5
$\begingroup$

I wanted to calculate $$\int\limits_{0}^{2\pi} \frac{d \theta}{a^2 \sin^2\theta+b^2 \cos^2\theta}$$

So I solved the indefinite integral first (by substitution): $$\int\frac{d \theta}{a^2 \sin^2\theta+b^2 \cos^2\theta}=\frac{1}{b^2}\int\frac{d \theta}{\cos^2\theta \left(\frac{a^2}{b^2} \tan^2\theta+1 \right)} =\left[u=\frac{a}{b}\tan\theta, du=\frac{a}{b\cos^2\theta} d\theta \right ]\\=\frac{1}{b^2}\int\frac{b}{a\left(u^2+1 \right)}du=\frac{1}{ab}\int\frac{du}{u^2+1}=\frac{1}{ab} \arctan \left(\frac{a}{b}\tan\theta \right )+C$$

Then:

$$\int\limits_{0}^{2\pi} \frac{d \theta}{a^2 \sin^2\theta+b^2 \cos^2\theta}=\frac{1}{ab} \arctan \left(\frac{a}{b}\tan (2\pi) \right )-\frac{1}{ab} \arctan \left(\frac{a}{b}\tan 0 \right )=0$$

Which is incorrect (the answer should be $2\pi/ab$ for $a>0,b>0$).

On the one hand, the substitution is correct, as well as the indefinite integral itself (according to Wolfram it is indeed $\frac{1}{ab} \arctan \left(\frac{a}{b}\tan\theta \right )$ ), but on the other hand I can see that had I put the limits during the substitution I'd get $\int\limits_{0}^{0} \dots = 0$ because for $\theta = 0 \to u=0$ and for $\theta = 2\pi \to u=0$.

Why is there a problem and how can I get the correct answer?

Edit: Here is Wolfram's answer: enter image description here

Wolfram is correct because $$\frac{a^2 b^2}{2}\int\limits_{0}^{2\pi} \frac{d \theta}{a^2 \sin^2\theta+b^2 \cos^2\theta}$$ is the area of an ellipse (defined by $x=a\cos t , y=b\sin t$), that is $$\frac{a^2 b^2}{2}\int\limits_{0}^{2\pi} \frac{d \theta}{a^2 \sin^2\theta+b^2 \cos^2\theta}=\pi ab$$

$\endgroup$
  • $\begingroup$ Hint: use $\sin^2 \theta + \cos^2 \theta = 1$ to simplify the formula. $\endgroup$ – ToucanNapoleon Oct 12 '16 at 12:33
  • $\begingroup$ Hint: $\frac{1}{ab}\arctan(\frac{a\tan(x)}{{b}})|_0^{2\pi}$ $\endgroup$ – user90369 Oct 12 '16 at 12:50
  • $\begingroup$ Isn't the answer $0$? $\endgroup$ – StubbornAtom Oct 12 '16 at 12:54
  • 2
    $\begingroup$ @user90369 - did you read my question? $\endgroup$ – user265336 Oct 12 '16 at 13:09
  • 1
    $\begingroup$ @StubbornAtom - no. As I already said it should be $2\pi / ab$ - according to Wolfram and also because that integral times $a^2 b^2 / 2$ should give the area of an ellipse. $\endgroup$ – user265336 Oct 12 '16 at 13:10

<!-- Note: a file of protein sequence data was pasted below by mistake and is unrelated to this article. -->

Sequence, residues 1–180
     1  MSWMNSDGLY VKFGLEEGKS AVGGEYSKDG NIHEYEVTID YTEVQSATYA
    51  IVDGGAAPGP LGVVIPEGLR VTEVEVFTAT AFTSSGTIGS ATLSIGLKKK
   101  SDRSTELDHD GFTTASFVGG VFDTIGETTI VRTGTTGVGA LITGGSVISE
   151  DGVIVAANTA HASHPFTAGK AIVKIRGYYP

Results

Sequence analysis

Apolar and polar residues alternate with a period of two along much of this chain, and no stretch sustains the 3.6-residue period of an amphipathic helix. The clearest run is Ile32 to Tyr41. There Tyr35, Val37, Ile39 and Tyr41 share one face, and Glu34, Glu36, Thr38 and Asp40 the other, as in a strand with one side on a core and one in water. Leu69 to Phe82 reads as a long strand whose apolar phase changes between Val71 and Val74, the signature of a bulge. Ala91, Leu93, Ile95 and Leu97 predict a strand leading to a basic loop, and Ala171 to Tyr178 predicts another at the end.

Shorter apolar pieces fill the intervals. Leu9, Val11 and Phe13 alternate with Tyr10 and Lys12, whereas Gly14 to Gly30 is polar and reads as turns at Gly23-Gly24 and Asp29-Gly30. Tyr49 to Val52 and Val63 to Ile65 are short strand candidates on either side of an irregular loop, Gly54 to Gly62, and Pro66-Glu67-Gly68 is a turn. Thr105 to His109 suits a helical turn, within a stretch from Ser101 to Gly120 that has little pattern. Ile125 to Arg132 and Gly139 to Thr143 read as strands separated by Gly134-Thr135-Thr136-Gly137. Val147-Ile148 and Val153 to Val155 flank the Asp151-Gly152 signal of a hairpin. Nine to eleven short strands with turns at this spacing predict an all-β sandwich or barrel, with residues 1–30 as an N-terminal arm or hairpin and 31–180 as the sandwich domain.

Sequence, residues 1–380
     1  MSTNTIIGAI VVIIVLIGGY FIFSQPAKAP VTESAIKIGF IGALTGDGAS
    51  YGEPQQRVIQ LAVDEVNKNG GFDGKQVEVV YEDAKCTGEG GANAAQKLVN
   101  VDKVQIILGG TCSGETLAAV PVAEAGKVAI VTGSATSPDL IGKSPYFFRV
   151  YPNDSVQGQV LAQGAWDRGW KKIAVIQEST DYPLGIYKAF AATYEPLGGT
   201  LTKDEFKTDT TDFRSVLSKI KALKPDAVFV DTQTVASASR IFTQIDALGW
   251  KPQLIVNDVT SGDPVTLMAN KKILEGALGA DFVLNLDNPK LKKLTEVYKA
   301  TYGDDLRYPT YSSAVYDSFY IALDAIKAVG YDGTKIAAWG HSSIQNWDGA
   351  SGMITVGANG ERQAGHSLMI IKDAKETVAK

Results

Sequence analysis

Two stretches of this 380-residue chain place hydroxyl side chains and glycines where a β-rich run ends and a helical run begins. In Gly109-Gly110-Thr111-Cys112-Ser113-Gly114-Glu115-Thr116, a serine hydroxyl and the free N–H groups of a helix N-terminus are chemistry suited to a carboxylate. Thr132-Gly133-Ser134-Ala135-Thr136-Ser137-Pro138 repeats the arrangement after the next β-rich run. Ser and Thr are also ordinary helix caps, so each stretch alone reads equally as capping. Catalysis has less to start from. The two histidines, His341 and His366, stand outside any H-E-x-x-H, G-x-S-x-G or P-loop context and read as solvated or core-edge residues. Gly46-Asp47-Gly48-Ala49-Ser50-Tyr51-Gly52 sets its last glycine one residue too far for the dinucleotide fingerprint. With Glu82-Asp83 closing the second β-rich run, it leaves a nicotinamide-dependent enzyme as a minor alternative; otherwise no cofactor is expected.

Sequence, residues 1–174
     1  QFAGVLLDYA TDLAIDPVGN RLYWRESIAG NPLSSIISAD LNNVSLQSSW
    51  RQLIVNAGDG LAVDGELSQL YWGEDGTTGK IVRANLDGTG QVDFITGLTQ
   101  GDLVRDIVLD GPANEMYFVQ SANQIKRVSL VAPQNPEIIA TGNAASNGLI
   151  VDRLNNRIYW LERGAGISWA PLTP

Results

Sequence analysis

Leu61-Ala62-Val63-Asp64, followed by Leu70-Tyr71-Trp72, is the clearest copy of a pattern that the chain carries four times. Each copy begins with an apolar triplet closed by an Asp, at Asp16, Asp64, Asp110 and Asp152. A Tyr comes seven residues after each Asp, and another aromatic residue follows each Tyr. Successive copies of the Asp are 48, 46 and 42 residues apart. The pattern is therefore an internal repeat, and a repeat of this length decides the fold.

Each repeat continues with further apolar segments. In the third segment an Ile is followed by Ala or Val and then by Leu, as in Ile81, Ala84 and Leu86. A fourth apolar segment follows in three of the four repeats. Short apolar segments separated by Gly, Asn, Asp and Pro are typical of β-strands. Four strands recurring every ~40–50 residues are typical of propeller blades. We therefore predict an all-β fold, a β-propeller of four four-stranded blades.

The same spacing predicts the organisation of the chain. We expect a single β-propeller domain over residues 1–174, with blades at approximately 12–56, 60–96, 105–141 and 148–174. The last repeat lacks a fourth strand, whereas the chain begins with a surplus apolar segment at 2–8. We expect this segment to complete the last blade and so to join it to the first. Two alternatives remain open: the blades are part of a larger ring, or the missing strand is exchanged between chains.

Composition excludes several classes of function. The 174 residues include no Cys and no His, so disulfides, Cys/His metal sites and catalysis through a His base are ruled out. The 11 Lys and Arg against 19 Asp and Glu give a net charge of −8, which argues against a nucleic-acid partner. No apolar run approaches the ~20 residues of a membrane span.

8
$\begingroup$

The substitution is incorrect : the tangent is not bijective on the interval $[0,2\pi]$. First, you need to restrict yourself to an interval on which the tangent behaves better. Using the $\pi$-periodicity of the function you want to integrate, you can show that:

$$\int_0^{2 \pi} \frac{1}{a \sin^2 (\theta)+b \cos^2 (\theta)} d \theta = 2 \int_{-\pi/2}^{\pi/2} \frac{1}{a \sin^2 (\theta)+b \cos^2 (\theta)} d \theta,$$

and go from there.

Note that this is a good warning about using Wolfram (or any formal computation system) : the formula for the indefinite integral is good, but it holds only on each interval $(k\pi -\pi/2, k\pi+\pi/2)$, which the program does not tell you.

$\endgroup$
-1
$\begingroup$

You have everything right up to $$ \frac{1}{ab}\arctan(\frac{a}{b}\tan(2\pi))-\frac{1}{ab}\arctan(\frac{a}{b}\tan(0)) $$ Now $\frac{1}{ab}\arctan(\frac{a}{b}\tan(2\pi))$ is $2\pi$ because the $\arctan$ and the $\tan$ are inverse functions.

So we get
$$ \frac{1}{ab}\arctan(\frac{a}{b}\tan(2\pi))-\frac{1}{ab}\arctan(\frac{a}{b}\tan(0))=\frac{1}{ab}2\pi-0 $$ or $$ \frac{2\pi}{ab} $$

$\endgroup$
  • 2
    $\begingroup$ There's $a/b$ inside $\arctan$. If it was $\arctan (\tan 2\pi)$ I could understand. $\endgroup$ – user265336 Oct 12 '16 at 13:11
  • 2
    $\begingroup$ $\tan (2\pi)=0$ $\endgroup$ – StubbornAtom Oct 12 '16 at 13:12
  • $\begingroup$ yes you are right I'm sorry $\endgroup$ – Riemann-bitcoin. Oct 12 '16 at 15:30
  • 1
    $\begingroup$ You should delete this answer or else you might get downvoted. $\endgroup$ – StubbornAtom Oct 13 '16 at 6:15

Your Answer

By clicking “Post Your Answer”, you agree to our terms of service, privacy policy and cookie policy

Not the answer you're looking for? Browse other questions tagged or ask your own question.